Thursday

21st Feb 2019

Opinion

The struggle for democratic oversight in the EU

  • Rome is hosting the third meeting of the 'Article 13 Conference' of MPs and MEPs (Photo: Giampaolo Macorig)

Hundreds of parliamentarians from across Europe, both from national parliaments and the European Parliament (EP), are gathering in Rome on Monday (29 September) in a bid to improve parliamentary oversight of EU policy making.

The occasion will be the third meeting of the Inter-Parliamentary Conference on Economic and Financial Governance of the European Union (IPC-EFG) – nicknamed the “Article 13 Conference” – to be hosted by the Italian parliament’s Camera dei Deputati.

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The IPC-EFG, which meets twice a year, was created in 2013 to enable parliamentarians to discuss and oversee the new system of governance that was created to respond to the EU’s ongoing economic and financial crisis.

The impetus for the IPC-EFG came from Article 13 of the Fiscal Compact treaty of 2012. This foresaw that “the European Parliament and the national Parliaments… will together determine the organisation and promotion of a conference… in order to discuss budgetary policies and other issues covered by this Treaty.”

The main point of the Fiscal Compact was to entrench a system of fiscal rules and to delegate the European Commission, an unelected body, as their principal enforcer. Article 13 gave this system a token of parliamentary oversight.

If ever there was a system crying out for greater parliamentary oversight it is this one – because by any objective measure, the EU’s economic governance regime is failing. Six years after the economic crisis began, the eurozone economy is still stagnant, and may even be heading for yet another downturn, which would be a “triple-dip” recession.

Even the basic goal of price stability has not been achieved, as the eurozone is now in peril of slipping into outright deflation.

Improved parliamentary oversight could at least provide parliaments with an opportunity to “watch the watchers.”

After all, the new EU economic governance has involved the creation of a system of “fiscal surveillance” designed to compel member states to balance their budgets.

This system places severe constraints on how national parliaments exercise their fiscal powers, often pushing them to carry out ruinous austerity policies. The IPC-EFG could turn the tables by enabling national parliaments (along with the EP) to scrutinize this new system of surveillance and to challenge its attendant policy dictates.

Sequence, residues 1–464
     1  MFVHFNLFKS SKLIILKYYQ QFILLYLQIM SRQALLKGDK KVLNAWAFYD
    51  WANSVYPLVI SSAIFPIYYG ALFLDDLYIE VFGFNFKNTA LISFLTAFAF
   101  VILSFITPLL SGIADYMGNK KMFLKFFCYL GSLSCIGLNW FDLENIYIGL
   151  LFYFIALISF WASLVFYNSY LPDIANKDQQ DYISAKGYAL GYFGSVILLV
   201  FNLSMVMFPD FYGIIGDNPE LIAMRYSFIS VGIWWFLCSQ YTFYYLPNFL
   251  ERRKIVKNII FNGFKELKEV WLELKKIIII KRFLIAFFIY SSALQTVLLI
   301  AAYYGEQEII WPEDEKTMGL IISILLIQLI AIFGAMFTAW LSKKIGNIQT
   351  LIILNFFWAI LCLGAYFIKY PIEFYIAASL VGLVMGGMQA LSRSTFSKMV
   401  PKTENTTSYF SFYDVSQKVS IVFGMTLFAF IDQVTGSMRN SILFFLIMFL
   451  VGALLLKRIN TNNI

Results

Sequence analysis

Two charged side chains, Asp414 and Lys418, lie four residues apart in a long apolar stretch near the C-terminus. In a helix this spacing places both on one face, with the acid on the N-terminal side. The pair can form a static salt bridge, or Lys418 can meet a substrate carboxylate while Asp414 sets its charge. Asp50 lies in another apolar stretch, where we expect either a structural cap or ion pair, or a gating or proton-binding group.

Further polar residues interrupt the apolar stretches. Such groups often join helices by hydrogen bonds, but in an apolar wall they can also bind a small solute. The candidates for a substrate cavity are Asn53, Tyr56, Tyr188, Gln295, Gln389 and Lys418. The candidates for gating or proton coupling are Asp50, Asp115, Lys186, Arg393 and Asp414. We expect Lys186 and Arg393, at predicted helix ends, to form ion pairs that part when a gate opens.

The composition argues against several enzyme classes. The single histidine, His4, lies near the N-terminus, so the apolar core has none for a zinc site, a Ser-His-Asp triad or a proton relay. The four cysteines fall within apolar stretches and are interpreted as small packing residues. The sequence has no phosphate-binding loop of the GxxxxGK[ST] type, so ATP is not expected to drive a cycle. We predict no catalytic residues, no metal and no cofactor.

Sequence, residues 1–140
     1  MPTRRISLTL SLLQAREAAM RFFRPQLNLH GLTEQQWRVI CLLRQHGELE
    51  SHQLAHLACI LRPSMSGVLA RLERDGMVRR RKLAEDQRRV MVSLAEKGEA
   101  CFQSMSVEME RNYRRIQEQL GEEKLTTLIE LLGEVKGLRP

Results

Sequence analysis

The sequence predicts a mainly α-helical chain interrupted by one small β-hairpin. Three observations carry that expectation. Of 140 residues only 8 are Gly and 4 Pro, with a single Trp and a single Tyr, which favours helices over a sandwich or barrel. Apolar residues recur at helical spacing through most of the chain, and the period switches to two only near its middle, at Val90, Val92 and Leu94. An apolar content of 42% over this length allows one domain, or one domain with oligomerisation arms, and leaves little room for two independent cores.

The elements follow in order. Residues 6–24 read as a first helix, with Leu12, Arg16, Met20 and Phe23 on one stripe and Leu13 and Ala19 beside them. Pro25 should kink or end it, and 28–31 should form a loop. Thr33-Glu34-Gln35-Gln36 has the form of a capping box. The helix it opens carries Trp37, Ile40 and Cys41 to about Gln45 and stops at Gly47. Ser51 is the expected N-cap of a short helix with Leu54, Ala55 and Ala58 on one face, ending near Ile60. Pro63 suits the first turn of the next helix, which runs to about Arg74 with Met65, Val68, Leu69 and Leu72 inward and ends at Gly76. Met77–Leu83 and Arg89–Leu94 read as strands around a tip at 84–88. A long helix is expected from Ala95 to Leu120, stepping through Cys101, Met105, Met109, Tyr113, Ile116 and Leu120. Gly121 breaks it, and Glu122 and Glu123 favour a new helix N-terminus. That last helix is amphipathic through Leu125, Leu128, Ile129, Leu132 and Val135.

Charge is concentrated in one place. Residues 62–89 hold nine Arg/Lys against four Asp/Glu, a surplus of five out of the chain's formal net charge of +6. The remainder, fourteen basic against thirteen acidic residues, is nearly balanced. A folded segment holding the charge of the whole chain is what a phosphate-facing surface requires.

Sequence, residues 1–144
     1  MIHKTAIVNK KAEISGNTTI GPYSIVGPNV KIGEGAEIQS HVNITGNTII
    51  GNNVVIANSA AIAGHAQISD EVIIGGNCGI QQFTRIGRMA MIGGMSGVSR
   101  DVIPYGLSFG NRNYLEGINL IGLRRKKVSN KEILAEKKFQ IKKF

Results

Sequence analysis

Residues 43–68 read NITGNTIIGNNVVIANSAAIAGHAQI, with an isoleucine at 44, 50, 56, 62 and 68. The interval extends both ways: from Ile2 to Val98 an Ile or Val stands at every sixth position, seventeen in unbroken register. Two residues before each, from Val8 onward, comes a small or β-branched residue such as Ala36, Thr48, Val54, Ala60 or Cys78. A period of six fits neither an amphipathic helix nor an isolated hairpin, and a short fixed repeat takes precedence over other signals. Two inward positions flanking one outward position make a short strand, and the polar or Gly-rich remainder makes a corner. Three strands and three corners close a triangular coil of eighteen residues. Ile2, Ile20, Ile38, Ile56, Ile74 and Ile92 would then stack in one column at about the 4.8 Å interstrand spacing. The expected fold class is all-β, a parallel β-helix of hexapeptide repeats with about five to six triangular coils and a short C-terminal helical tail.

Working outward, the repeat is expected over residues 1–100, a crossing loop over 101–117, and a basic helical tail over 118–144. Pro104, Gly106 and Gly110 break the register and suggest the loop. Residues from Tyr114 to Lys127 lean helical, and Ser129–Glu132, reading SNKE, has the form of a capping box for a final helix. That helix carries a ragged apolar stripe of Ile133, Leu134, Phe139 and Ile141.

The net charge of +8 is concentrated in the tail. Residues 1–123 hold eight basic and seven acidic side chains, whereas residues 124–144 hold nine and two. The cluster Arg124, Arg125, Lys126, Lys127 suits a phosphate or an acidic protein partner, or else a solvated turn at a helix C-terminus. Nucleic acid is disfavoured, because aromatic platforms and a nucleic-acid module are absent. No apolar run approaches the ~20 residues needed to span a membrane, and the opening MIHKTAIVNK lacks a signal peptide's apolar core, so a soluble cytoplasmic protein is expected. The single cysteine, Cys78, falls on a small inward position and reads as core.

Unfortunately, the early meetings of the IPC-EFG were instead dominated by acrimonious internal disagreements – in particular between national MPs and MEPs – over how the conference should be organized.

Most national MPs wanted to create a robust forum for wide-ranging policy debate, with at least a minimal ability to take collective decisions. On the other hand, the MEPs, with support from the members of a few national parliaments (including, crucially, the German Bundestag), preferred a marginal conference of limited substantive scope that takes no decisions.

Disagreements

These disagreements were evident at the first IPC-EFG meeting in Vilnius, in October 2013.

The host parliament, the Lithuanian Seimas, had drafted an ambitious agenda for the meeting. Whereas the EP would have preferred that the conference focus solely on issues related narrowly to the Fiscal Compact (i.e. the scrutiny of national budgets), the Seimas proposed the discussion of a wider array of economic and financial issues, including some not mentioned in the treaty – e.g. banking union.

Moreover, the Seimas proposed that the first IPC-EFG should debate and formally adopt two documents, an internal Rules of Procedure and a set of political Conclusions; these were effectively vetoed by the EP.

Why? The EP as a body has always been strenuously opposed to the creation of any new assembly that could rival its position as the pre-eminent parliamentary forum in the EU. In a 2012 report, it categorically rejected the idea of a “mixed parliamentary body,” combining both MEPs and national MPs, as ineffective and undemocratic.

The EP is in favour of strong parliamentary oversight at the EU level but only if it is centralised in the EP, rather than exercised jointly with national parliaments.

The meeting in Italy – one of the member states hardest hit by the crisis – offers a fresh start to resolve some of these outstanding questions and get on with the business of overseeing the economic governance of the EU.

With the new Commission yet to take office, this is an opportune moment to resolve internal organizational issues – such as the draft Rules of Procedure, which will finally be debated in Rome. Perhaps MEPs from the newly elected parliament may prove more amenable than their predecessors to compromise with their national counterparts. The need is urgent: the crisis is not over.

The writer is a Research Associate at the Department of Politics and International Studies, University of Cambridge. This article is based on a longer working paper, which is available here:

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